A few days ago, my friend Michael pointed me in the direction of concept artist and illustrator Jordan Grimmer. He mentioned that a few of his pieces reminded him of Lovat, the city that is the central setting of my book, The Stars Were Right, so my interest was piqued. After seeing the work I can’t say I disagree. It’s pretty spectacular stuff and instantly got me in the mood to brainstorm, I knew I had to share his work.
There’s a lot to love here. Grimmer has a wide range of work ranging from the fantastical to the grounded. I love the moods he’s able to capture. Trains billow clouds of white smoke as they rush through cities, airships drift above titanic walls like fat clouds, and neon reflects off the wet streets of a buried neighborhood. It’s great stuff. Click on any of the images below to see them larger:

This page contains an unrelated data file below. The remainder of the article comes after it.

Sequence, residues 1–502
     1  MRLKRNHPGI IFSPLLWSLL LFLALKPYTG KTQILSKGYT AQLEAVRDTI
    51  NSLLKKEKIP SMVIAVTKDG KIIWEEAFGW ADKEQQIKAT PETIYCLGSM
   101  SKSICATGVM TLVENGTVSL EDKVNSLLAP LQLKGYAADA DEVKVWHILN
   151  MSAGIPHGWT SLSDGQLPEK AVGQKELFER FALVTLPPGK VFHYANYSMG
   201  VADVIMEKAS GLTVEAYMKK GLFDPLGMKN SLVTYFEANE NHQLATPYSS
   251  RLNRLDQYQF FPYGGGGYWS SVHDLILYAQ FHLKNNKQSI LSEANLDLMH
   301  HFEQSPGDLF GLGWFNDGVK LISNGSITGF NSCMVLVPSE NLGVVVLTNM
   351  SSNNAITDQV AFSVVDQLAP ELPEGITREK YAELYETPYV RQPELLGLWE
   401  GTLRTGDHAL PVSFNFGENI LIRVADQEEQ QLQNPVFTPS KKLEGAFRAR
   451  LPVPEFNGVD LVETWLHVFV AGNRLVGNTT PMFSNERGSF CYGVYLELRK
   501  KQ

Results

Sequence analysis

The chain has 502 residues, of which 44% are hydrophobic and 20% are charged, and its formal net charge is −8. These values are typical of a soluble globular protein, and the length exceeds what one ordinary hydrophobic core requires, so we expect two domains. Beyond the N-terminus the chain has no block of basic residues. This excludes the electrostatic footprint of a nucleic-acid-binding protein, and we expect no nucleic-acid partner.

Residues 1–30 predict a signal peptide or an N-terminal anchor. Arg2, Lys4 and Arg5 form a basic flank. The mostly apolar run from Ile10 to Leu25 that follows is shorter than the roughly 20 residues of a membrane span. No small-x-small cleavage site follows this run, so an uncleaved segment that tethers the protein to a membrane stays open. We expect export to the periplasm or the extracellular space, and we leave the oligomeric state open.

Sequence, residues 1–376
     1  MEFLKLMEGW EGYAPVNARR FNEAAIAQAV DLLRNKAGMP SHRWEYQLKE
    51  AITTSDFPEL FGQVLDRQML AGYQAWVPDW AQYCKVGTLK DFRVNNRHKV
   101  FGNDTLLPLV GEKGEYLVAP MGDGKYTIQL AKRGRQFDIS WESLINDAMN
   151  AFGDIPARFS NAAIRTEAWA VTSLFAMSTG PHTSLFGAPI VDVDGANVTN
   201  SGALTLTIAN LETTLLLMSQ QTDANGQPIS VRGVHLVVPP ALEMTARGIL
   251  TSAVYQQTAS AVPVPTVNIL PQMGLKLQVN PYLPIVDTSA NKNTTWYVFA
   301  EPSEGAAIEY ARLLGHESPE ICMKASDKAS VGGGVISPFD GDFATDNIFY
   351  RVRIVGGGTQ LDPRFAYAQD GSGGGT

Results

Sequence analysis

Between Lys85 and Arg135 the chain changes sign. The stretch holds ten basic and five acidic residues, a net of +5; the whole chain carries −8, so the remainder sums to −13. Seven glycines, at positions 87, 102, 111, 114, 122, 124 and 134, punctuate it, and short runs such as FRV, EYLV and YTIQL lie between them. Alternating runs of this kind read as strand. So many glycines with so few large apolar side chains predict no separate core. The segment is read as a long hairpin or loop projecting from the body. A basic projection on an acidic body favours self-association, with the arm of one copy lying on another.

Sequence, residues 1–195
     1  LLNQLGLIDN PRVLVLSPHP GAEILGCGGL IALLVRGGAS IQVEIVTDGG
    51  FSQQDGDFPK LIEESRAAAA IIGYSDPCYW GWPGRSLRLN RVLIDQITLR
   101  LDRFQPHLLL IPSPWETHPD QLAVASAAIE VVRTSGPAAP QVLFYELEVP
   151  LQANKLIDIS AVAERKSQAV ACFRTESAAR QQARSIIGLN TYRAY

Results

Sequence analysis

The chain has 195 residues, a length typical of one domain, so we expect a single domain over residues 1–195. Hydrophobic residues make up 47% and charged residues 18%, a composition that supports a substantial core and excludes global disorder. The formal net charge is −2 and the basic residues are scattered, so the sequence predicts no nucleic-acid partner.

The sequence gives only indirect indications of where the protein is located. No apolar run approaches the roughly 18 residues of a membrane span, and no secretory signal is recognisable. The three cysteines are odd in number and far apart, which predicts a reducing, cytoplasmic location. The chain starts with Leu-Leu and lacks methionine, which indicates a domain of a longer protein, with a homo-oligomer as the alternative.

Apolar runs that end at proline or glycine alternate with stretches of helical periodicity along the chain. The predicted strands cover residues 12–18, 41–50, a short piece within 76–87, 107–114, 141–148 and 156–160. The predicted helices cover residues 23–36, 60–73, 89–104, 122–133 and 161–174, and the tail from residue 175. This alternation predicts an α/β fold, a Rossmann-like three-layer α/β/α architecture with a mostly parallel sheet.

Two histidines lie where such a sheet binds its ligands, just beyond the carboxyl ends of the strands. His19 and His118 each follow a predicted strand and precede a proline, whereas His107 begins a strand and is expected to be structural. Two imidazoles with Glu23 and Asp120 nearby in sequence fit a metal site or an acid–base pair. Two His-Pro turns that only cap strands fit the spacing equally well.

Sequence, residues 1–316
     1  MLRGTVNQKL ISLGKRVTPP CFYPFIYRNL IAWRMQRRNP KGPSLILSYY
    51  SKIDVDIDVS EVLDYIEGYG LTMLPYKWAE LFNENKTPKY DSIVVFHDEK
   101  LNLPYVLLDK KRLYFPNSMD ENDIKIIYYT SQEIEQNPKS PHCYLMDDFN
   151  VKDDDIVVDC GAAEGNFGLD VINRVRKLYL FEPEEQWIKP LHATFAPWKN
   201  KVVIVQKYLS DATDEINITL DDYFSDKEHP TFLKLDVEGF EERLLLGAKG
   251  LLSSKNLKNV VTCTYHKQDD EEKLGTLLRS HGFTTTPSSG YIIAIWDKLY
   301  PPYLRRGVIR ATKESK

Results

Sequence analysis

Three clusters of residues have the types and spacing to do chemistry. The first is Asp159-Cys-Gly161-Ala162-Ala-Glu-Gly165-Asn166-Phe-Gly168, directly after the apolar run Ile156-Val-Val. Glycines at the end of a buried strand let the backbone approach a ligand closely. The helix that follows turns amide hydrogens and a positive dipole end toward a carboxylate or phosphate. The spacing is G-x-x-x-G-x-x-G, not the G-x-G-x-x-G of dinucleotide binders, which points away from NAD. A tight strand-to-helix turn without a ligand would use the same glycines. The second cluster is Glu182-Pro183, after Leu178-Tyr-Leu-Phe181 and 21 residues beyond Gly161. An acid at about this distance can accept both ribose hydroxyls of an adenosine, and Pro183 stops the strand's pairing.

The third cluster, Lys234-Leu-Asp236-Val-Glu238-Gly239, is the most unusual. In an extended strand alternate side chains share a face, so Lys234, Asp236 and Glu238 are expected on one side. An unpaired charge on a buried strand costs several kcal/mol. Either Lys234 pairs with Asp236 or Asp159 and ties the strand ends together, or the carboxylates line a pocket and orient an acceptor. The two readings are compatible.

I especially liked these two pieces.
These images are just a fraction of Grimmer’s impressive body of work. See more on his portfolio site at http://www.jordangrimmer.co.uk, he’s also active on deviantART as well. What’s your favorite piece?
Something I miss from old video games was the lack of fidelity. Okay, okay, hear me out, I have reasons. These days graphics in games have gotten to the point that it requires no imagination from the player. Back in the old 8-bit days there was a lot of room for our imagination to explore. While I appreciate the immersion high-fidelity photorealistic graphics, I do fondly remember those pixels of yesteryear. That mass of color could become a terrifying monster, or a beautiful princess, or a lush forest. I was guided by the artist and limited only by my imagination.
All that rambling reminisce leads me into explaining why I love these pieces from illustrator Anthony Wolff. His style reminds me a lot of that old pixel art. His loose brush strokes allows us to grasp concepts but also leaves room for our imagination to fill in the gaps. It’s a neat effect and it allows him to create stunning scenes full of masterful detail: